In Intervest Construction of Jax v. General Fidelity Ins. Co., the Florida Supreme Court considered insurance policy language that called for a self-insured retention to be exhausted by “payments made by the insured.” The court decided that those payments could be made by someone else instead.
After pull-down attic stairs allegedly collapsed on a homeowner, she sued the contractor who built the home. The contractor’s commercial general liability policy had a $1 million “Self-Insured Retention.” The policy provided that the insurer has “no duty to defend or indemnify unless and until the [$1 million Self-Insured Retention] is exhausted by payment of settlements, judgments or ‘Claims Expense’ by you” and that the Self-Insured Retention “will only be reduced by payments made by the insured.” The contractor settled with the homeowner for $1.6 million. The stairs were installed by a subcontractor, who indemnified the contractor for any damages resulting from the subcontractor’s work. Therefore the subcontractor’s insurer paid $1 million toward the $1.6 million settlement.
The contractor’s insurer refused to contribute $600,000 on top of that $1 million. Because the $1 million were paid by the subcontractor’s insurer, and not by the insured contractor, the insurer believed that the retention was not exhausted. After the contractor and its insurer sued each other, the trial court awarded summary judgment in favor of the insurer, finding that it was not obligated to contribute to the settlement. The trial court ruled that the insured had not exhausted the retention, as the policy required the insured itself to pay the first $1 million.
The Florida Supreme Court, however, did not read the policy language as so definitive. It ruled that “payments made by the insured” could be made on the insured’s behalf by another party. Further, to quote the court, “a strong argument could be made” that the contractor exhausted its $1 million self-insured retention because it “paid for the indemnity protection in the purchase price of the [subcontract] and therefore hedged its retained risk in this manner.” Thus, the court continued, the paid-for indemnification should satisfy the policy’s retention when there was no “express policy provision to the contrary.” Two justices dissented from the court’s acceptance of someone else’s payment as if it were payment “by” the insured. They criticized this ruling as a “legal fiction.”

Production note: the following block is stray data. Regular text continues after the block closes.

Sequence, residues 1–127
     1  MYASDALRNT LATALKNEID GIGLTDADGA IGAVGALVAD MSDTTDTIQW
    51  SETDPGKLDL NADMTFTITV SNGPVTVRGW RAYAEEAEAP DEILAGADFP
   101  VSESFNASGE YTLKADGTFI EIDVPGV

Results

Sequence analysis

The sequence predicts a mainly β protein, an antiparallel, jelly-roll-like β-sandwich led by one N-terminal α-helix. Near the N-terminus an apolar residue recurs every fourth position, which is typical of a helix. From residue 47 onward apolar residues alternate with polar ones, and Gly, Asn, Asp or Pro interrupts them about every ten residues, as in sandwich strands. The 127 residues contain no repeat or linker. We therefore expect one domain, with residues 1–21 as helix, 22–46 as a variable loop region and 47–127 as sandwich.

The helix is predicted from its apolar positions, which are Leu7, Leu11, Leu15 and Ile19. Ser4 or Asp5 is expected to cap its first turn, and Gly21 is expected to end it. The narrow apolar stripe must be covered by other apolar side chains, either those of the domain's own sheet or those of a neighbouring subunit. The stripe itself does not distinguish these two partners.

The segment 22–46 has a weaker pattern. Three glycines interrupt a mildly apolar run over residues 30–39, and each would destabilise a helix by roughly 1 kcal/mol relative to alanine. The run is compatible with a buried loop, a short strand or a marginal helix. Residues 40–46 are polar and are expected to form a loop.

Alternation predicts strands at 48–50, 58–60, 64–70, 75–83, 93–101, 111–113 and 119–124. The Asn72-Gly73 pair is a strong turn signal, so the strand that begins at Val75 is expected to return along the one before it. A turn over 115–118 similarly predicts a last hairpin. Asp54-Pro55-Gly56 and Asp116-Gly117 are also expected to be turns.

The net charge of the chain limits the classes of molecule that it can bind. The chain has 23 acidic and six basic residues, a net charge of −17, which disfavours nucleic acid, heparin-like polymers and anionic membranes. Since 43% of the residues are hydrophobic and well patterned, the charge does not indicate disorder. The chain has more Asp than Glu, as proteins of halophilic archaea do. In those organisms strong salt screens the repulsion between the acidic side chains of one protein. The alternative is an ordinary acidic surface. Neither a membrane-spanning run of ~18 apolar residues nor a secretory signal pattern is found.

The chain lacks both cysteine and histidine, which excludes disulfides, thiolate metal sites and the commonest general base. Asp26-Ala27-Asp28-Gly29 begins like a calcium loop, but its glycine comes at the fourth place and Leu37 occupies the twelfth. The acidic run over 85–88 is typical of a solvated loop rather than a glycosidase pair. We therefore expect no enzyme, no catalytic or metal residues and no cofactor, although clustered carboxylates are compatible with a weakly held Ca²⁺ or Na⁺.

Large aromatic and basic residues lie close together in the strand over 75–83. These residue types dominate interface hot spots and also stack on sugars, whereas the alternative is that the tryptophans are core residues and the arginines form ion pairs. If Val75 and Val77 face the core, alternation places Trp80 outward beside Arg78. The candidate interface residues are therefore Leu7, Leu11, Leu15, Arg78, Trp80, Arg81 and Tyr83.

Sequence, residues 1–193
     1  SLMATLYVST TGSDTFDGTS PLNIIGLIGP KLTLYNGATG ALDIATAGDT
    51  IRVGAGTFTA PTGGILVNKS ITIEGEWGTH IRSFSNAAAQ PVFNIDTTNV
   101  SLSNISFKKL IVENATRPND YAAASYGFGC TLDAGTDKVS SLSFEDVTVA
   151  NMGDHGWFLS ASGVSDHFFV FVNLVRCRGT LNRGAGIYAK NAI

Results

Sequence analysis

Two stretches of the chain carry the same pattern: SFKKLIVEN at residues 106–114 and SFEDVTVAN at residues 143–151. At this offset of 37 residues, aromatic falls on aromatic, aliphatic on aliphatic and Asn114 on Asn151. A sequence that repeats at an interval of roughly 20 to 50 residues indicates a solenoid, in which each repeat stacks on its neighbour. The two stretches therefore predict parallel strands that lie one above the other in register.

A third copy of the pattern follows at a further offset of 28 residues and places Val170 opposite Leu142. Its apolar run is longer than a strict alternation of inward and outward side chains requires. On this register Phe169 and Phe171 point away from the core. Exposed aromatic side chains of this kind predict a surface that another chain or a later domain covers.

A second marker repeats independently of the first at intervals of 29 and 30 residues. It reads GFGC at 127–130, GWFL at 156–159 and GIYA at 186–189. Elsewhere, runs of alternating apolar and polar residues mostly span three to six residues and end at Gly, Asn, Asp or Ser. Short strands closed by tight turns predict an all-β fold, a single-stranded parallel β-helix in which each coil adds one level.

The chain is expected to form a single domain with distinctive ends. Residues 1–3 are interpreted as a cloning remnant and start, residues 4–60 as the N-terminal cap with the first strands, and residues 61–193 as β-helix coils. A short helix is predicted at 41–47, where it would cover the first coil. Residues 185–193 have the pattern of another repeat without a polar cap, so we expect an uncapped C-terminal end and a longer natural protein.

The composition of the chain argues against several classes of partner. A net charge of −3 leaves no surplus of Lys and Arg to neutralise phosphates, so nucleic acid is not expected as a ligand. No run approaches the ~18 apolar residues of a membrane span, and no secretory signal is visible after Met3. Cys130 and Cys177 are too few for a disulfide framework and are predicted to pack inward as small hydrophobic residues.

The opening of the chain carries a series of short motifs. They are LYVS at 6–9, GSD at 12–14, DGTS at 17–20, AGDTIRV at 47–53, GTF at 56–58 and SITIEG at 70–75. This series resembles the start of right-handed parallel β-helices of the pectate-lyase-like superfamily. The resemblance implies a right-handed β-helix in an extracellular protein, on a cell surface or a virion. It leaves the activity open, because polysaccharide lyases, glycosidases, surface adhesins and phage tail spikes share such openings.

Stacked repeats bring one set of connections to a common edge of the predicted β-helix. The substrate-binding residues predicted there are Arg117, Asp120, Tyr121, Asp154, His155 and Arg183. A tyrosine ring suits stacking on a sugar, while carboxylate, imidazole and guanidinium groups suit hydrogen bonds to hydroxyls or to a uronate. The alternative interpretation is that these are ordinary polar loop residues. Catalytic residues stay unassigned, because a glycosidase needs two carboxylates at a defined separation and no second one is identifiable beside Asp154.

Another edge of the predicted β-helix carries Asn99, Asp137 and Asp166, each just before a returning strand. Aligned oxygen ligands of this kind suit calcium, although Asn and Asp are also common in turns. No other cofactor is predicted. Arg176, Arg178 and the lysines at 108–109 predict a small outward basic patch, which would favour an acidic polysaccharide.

The Intervest decision is the law of Florida as to the exact policy language in question. However, the court left open the possibility that other language could effectively require the insured to pay the retention itself without contribution by others. Specifically, the court distinguished language other courts found to bar an insured from funding its retention with anyone else’s money: e.g., a requirement that the insured shall pay the retention from the insured’s “own account;” or a disclaimer that “payments by others do not serve to satisfy the self-insured retention.” Because, as the Florida Supreme Court ruled last year in Washington National Ins. Corp. v. Ruderman, 117 So. 3d 943 (Fla. 2013), an insurer cannot offer extrinsic evidence to clarify ambiguous policy language, it is critical for Florida insurance policies to include provisions expressly explaining whose payments can or cannot satisfy a self-insured retention.
The decision in Intervest Construction of Jax v. General Fidelity Ins. Co. (Fla. 2014) may be found here.